Category Archives: Missions / Evangelism
We knew God’s Word and experienced God. And that was life-shaping.
If it’s not the great needs of the world that overwhelm you, it’s the great sins of your heart that threaten to keep you from God’s mission.
Talk is cheap. Even when that talk is about the gospel. So, let’s not settle for conversations about the evangel that don’t lead to evangelism.
“Sex is everything,” goes the idea in the 21st century. “And sex is nothing.” This paradoxical view of sexuality in our society requires a paradoxical response from the Church.
Here’s what I learned from evangelicals bearing witness to the gospel in a country that is much further down the road of secularization than the United States.
6 questions. Answer “No” to any of them and your evangelism will suffer.
Just as we’re explicit about the gospel, let’s also be explicit about what the gospel makes us – God’s gospel-speaking people for a lost world.
Gerald McDermott and Harold Netland discuss witnessing to Christ in a world of religious diversity.
What brought about this change of definition? And how has it impacted missions strategies?
Dr. Robin Hadaway, professor of missions at Midwestern Seminary recently wrote an essay for the Southwestern Journal of Theology, in which he recommends a “course-correction” away from the two-percent threshold and back to something like 10 or 20 percent. Hadaway relies on extensive missionary experience as he considers this question; he has been involved in a variety of mission efforts on three continents, and he is a fluent speaker of Arabic, Swahili, and Portuguese.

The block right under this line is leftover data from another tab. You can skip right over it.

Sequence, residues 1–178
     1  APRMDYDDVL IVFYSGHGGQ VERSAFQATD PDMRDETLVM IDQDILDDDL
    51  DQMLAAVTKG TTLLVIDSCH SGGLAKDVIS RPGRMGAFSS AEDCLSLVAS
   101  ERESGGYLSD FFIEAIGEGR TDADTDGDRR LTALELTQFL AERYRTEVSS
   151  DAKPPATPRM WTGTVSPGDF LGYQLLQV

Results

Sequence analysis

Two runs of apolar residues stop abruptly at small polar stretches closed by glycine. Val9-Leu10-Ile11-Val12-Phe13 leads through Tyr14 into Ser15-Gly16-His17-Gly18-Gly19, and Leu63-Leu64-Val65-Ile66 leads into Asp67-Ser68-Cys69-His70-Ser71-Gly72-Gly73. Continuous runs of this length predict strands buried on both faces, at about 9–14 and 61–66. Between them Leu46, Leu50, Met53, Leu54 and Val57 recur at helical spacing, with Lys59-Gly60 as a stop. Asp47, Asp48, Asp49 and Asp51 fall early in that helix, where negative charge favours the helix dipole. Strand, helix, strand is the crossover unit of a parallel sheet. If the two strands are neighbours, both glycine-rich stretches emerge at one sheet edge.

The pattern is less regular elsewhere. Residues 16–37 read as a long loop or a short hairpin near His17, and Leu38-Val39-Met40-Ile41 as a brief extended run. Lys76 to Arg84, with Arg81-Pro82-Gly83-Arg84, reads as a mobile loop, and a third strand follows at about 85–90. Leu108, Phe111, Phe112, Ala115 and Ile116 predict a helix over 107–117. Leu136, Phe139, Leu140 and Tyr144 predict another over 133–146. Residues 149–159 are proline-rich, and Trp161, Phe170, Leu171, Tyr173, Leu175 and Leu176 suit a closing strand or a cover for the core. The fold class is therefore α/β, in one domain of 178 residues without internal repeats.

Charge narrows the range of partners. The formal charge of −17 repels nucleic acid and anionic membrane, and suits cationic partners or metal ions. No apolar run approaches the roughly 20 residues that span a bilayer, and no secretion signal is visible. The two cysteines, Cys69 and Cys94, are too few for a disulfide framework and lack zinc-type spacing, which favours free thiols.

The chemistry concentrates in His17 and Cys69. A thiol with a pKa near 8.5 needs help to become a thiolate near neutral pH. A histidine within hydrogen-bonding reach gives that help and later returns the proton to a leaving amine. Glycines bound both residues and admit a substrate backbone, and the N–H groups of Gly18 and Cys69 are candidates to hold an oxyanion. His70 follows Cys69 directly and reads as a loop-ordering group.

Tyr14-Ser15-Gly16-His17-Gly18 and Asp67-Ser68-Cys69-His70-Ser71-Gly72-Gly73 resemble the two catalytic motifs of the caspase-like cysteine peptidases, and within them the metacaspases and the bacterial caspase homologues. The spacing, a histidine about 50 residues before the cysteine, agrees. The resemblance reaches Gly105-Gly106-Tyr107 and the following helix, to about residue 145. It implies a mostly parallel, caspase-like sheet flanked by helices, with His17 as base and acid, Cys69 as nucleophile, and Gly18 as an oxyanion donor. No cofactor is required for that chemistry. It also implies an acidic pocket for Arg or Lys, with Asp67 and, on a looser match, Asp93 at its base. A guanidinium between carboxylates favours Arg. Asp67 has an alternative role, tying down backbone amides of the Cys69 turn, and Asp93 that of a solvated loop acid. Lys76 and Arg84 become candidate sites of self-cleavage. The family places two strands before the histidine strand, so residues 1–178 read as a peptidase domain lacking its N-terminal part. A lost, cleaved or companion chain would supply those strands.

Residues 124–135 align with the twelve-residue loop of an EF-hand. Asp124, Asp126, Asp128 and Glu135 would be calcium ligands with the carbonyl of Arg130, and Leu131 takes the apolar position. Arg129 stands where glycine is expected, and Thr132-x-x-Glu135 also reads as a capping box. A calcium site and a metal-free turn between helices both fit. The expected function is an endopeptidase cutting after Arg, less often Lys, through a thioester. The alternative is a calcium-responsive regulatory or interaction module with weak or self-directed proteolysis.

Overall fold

Hadaway shows how, for decades, missionaries went to geographic countries in order to assess the needs and then plan a course of action. They built clinics and orphanages, staffed hospitals and started schools alongside their church planting efforts.
In the 1950’s, Donald MacGavran’s work led to the rise of “individualized strategies for particular ethnic groups.” C. Peter Wagner and Edward Dayton applied MacGavran’s ethnic focus differently, with a shift away from the most receptive groups (the “Harvest” mentality) toward church planting among the “hidden” and resistant groups.
Over time, the threshold of considering a people group “reached” dropped from 20% evangelical to 2% (this is the statistic of the Joshua Project and Operation World). But Hadaway considers the 2% threshold to be too low, and he cites sociologist Boeslaw Szymanski to make this point:
“When the number of committed opinion holders is below 10 percent, there is no visible …
Knowing “what time it is” personally is essential for making wise decisions.